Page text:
EFCC May Help Unity Bank To Recover N40bn Bad Debts


Managing Director, Unity Bank Plc, Mr. Henry  Semenitari, has promised to do everything within the law to get back bad loans from customers up to N40bn, even if it means asking the Efcc for assistance in recovering these loans from customers who have simply refused to make any commitment whatsoever in paying back facilities they had received from the bank. The management of Unity Bank Plc aim to get defaulting customers to make serious commitment to their loan obligations.
Managing Director/Chief Executive, Unity Bank Plc, Mr. Henry James Semenitari,, who spoke to newsmen in Abuja on Thursday during the 2014 Customers’ Week, also said the bank had started allotting shares to shareholders who subscribed to its recent rights issue.

As a first step to recovering the debt, the bank has published a warning to the defaulting customers and plans to follow it up with the publication of their names as well as its employees responsible for the loans.

Mr Henry Semenitari said, “Historically, it was really bad but we have come up with a strategy. For the first time in the history of the bank, we have a very dedicated recovery team headed by someone at the general manager level and spread across regions.

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“That is why you saw an advertisement in the press telling all debtors to come and make good all their accounts in two weeks. The truth is, in two weeks; failure to show up, their names and amounts owed the bank will be published, including staff members who were involved; whether former or current.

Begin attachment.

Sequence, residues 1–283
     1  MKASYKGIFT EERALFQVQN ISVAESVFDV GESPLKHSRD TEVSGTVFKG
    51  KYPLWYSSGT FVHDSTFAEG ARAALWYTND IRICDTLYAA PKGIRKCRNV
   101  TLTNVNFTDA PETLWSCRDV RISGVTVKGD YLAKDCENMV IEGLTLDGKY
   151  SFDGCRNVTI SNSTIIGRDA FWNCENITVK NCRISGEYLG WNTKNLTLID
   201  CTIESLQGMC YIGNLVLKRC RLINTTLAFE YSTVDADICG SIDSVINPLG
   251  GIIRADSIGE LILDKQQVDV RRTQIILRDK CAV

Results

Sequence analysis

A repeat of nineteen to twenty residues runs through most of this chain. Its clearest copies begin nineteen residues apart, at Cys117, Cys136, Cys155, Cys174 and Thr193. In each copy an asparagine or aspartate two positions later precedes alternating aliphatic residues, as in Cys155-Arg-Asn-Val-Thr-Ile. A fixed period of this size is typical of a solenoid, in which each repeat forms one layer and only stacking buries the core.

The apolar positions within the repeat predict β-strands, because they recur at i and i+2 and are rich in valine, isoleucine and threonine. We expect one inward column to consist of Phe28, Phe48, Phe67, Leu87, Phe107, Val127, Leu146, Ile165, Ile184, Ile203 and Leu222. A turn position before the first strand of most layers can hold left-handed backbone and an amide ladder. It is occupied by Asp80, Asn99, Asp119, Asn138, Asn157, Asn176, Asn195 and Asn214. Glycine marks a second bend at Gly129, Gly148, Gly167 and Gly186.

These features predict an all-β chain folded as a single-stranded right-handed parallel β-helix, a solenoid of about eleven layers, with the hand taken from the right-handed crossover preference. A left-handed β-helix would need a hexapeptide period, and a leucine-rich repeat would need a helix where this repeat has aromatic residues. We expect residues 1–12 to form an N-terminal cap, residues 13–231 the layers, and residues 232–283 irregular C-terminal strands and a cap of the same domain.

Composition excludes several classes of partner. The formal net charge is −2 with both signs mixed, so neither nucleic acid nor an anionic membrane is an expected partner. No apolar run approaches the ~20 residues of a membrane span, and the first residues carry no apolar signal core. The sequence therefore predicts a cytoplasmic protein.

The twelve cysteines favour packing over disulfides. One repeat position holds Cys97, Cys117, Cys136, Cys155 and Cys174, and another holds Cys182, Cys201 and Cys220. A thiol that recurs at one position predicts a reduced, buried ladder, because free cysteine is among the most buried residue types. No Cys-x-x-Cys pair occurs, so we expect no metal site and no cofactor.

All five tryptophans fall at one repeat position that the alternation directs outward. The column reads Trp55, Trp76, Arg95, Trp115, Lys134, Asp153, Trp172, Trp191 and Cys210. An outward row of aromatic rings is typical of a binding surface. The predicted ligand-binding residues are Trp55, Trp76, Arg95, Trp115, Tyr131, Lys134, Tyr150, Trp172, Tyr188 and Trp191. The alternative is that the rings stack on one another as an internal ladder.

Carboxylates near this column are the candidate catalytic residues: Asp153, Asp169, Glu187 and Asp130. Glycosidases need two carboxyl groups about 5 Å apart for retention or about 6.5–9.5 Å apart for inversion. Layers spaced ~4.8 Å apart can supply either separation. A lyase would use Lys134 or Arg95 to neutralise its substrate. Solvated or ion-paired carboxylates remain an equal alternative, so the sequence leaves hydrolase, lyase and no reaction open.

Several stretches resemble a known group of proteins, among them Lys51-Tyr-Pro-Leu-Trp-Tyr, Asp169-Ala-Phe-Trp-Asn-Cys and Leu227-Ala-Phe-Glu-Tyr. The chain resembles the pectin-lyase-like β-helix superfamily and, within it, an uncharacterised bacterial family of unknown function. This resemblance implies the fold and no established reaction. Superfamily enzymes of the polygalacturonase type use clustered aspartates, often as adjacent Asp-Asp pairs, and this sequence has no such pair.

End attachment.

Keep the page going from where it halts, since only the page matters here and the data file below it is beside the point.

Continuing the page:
“The value of the debts is in excess of N40bn; about N40bn to N50bn with the interests un-serviced over the years. We have said that we will do everything within the law and I think the EFCC is an acceptable arm of the law to address your debts; so we will do that.

“There will be negotiations, of course. And whenever you negotiate loans, discounts come in; as long as you are not discounting at the expense of the bank. The issue of interest is in the inability of the customer to pay; that is why penal rates come and penal rates are legal. If you don’t service your debts for a period of time, penal rates come in.”

Semenitari said when the current management took over the running of the bank in January, the immediate priority was to address the issue of capital inadequacy of about N40bn and this was done through the rights issue that was oversubscribed.

He said, “The third challenge was the issue of cost; having a large network of over 250 branches means that we needed a business model that can sustain that level of cost. We had the challenge of cost recovery ratio; we had challenges on liquidity ratio and we had challenges of average cost of funds.

“On the issue of profitable branches, when we got on board; less than 50 branches were profitable. But today, out of the more than 200, over 75 per cent of our branches are posting profits. Our business model has been redefined such that out of 10 workers, seven are in the market and we are always right there in front of the customer.”

On the significance of the customers’ week, the Unity Bank boss said it was important to observe it as the customer was the reason why the bank or any other institution exists. Still on the importance of the customer service day, Mr Semenitari also said: “It is pretty important that for a service business like banking driven by the customer, dedicating a day for customers, for me is not even enough. It’s supposed to be a fully week with various activities to delight the customer and at least say thank you.”

According to him, “There’s no bank which prints money, everything in the safe here is customers’ money. Now for retail banking in particular, it is a traffic business. So those who generate the traffic need to have a dedicated day. One thing is clear, Mr Semenitari is positioning Unity Bank as one of nigeria’s biggest and strongest banks ever.